Archive for July, 2010

These two live in a big new housing project. Big brother near the East River.

An avid amateur photographer, Indiana University alumnus Charles Weever Cushman was born on this day in 1896. Over the span of 32 years, ranging from1938 to 1969, Charles Cushman took thousands of photographs covering his many travels across America and over the world. He bequeathed over 14,000 color kodachrome slides to his alma mater, Indiana University.  The collection can be viewed online by visiting the Charles W. Cushman Collection online at  Indiana University’s Digital Library or the IMLS Digitial Collections & Content photostream on Flickr.


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Shoeless Joe Jackson in 1919, the year of the Black Sox Scandal

Today, July 16th, is the 122nd birthday of Joseph Jefferson Jackson (1888-1951), a.k.a. Shoeless Joe, the (in)famous Major League Baseball (MLB) player: famous for being one of baseball’s alltime great outfielders, and infamous for being one of eight players implicated in the Black Sox Scandal of 1919, in which members of the Chicago White Sox conspired to fix the World Series against the Cincinnati Reds. While ultimately acquitted by a Chicago jury, the MLB banned Joe from play after the 1920 season. Baseball lore says that as Jackson was leaving the courthouse of the Black Sox trial, a young boy begged of him, “Say it ain’t so, Joe”, to which Joe didn’t  respond. The photo of Shoeless Joe in uniform, above, comes from the Library of Congress’ Bain Collection.

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"To Aristides" broadside

1804 broadside on emigration, courtesy Library of Congress

Yesterday, July 11th, marked the 206th anniversary of the Burr-Hamilton duel of 1804, in which U.S. Vice President Aaron Burr mortally wounded former Secretary of the Treasury Alexander Hamilton in the culmination of a longstanding personal and political dispute. The duel, which catalyzed the anti-dueling movement in the U.S., is also recognized as the last skirmish between the Federalist and Democratic-republican parties. Published in the same year, and directed at a pamphleteer advocating for Burr (who was then engaged in the 1804 gubernatorial race for New York), the acerbic broadside above captures some of the Federalist/Democratic-republican rancor that came to a head in the Burr-Hamilton duel. Download the most legible version of this broadside (and then, for kicks, count the number of times its author uses the word “scurrilous”!) by clicking on this link, “Highest Resolution Image (TIFF – 13,291K)“, from the Library of Congress’ “An American Time Capsule: Three Centuries of Broadsides and Other Printed Ephemera” collection.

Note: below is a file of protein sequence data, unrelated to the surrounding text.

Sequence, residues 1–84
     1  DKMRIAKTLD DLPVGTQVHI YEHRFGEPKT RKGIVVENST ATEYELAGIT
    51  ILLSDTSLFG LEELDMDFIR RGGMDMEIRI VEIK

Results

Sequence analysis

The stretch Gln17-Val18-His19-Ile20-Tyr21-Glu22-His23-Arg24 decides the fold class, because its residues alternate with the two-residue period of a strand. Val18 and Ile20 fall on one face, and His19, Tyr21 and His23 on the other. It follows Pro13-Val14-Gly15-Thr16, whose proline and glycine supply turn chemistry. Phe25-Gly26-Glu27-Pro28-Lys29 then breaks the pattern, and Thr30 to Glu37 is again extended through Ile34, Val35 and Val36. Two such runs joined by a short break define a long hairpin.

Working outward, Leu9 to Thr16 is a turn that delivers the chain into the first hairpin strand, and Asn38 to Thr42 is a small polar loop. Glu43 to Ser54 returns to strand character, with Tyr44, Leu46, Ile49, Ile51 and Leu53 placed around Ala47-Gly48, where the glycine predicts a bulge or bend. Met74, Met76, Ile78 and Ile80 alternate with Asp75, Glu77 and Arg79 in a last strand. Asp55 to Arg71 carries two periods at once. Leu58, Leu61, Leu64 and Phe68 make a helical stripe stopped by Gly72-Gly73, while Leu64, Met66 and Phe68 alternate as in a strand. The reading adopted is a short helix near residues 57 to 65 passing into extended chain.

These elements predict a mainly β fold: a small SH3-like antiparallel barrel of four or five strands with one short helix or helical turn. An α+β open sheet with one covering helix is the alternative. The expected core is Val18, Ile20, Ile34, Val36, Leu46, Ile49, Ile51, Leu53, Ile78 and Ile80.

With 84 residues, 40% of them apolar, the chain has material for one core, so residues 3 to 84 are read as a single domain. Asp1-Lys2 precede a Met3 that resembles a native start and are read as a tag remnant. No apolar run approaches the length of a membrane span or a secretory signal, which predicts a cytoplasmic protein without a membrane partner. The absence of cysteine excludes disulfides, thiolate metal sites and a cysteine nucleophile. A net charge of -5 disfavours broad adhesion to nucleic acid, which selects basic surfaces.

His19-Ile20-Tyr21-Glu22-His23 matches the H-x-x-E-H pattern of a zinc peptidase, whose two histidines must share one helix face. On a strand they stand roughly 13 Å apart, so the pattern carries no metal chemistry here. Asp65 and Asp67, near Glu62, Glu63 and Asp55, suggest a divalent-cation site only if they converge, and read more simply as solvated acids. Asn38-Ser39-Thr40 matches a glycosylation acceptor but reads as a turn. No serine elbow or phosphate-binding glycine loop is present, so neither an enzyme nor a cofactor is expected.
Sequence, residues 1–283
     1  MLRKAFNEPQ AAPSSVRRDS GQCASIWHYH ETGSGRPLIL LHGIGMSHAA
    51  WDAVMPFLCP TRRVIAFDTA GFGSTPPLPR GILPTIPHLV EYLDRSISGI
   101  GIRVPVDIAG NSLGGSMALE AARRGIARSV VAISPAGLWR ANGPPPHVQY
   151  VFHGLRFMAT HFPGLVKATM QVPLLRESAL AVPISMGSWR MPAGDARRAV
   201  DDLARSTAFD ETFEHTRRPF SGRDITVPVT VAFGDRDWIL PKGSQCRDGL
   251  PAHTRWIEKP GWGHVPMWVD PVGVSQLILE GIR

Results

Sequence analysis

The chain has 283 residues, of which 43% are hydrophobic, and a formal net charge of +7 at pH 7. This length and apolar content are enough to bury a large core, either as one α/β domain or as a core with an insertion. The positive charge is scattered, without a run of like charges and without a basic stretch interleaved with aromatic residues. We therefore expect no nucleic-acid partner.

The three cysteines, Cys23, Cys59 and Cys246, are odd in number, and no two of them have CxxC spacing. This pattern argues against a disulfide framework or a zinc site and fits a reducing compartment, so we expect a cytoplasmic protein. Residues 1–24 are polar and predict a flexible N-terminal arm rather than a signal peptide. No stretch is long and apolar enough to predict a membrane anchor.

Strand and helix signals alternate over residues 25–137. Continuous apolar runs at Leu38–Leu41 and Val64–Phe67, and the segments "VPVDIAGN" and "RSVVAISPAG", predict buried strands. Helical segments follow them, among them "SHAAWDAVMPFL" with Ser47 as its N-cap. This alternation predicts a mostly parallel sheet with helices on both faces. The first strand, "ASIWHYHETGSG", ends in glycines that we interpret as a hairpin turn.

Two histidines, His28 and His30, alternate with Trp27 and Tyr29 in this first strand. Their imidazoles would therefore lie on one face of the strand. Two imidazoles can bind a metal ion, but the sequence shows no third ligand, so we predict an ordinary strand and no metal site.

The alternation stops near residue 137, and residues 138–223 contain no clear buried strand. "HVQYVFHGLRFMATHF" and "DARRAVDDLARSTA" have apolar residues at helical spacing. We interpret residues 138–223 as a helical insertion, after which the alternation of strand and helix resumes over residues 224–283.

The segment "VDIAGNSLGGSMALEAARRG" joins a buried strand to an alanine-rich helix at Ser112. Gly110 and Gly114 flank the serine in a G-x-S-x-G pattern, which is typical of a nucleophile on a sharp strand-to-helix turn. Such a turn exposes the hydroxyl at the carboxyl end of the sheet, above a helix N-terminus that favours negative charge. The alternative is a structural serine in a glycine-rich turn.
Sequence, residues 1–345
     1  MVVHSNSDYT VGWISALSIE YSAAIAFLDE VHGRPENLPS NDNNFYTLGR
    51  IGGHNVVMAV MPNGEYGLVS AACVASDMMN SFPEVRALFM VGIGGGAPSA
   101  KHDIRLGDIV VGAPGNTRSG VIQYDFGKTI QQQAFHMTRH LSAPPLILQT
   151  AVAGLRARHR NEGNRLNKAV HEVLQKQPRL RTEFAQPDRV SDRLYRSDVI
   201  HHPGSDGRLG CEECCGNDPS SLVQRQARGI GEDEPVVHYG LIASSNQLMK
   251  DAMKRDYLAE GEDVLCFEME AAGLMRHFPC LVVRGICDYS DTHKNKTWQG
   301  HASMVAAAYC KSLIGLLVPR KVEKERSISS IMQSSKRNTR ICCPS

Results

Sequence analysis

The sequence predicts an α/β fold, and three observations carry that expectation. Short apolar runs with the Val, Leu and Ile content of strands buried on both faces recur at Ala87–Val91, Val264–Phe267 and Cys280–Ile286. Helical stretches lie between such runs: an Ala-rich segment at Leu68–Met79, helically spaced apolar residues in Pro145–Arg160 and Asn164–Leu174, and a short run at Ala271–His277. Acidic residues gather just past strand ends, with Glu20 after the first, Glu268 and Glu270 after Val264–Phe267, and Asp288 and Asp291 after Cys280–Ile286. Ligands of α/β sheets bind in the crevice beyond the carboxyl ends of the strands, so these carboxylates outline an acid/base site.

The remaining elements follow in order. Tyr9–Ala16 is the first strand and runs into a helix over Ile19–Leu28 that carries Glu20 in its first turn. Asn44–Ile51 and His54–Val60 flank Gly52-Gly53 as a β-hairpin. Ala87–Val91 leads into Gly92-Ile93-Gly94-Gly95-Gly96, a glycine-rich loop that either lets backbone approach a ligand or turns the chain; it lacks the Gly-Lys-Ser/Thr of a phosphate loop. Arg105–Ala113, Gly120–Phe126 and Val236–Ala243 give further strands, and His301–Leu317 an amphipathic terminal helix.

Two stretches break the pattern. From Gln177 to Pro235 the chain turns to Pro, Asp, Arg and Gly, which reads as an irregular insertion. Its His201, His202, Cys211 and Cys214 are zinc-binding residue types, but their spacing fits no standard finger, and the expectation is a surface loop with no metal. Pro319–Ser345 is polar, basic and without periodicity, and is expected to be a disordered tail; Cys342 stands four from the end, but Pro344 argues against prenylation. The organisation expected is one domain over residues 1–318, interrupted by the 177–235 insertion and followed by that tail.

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Lacey V. Murrow posing at the entrance to the Lake Washington Bridge, Seattle, 1940

The Lake Washington Floating Bridge is opened. At the time it opened the Lake Washington Floating Bridge was the longest floating bridge in the world. Today it is the second longest floating bridge in the world; its 6,620 ft (2,020 m) length is exceeded only by the Evergreen Point Floating Bridge constructed a few miles north on Lake Washington in 1963. The original bridge, designed by Peter John Jensen, sunk in a storm during renovations on November 25, 1990. It was rebuilt in 1993 and re-named the Lacey V. Murrow Memorial Bridge in honor of CBS commentator Edward R. Murrow’s eldest brother. As well as being a highly decorated World War II veteran, Lacey V. Murrow was the second Director of the Washington State Highway Department.

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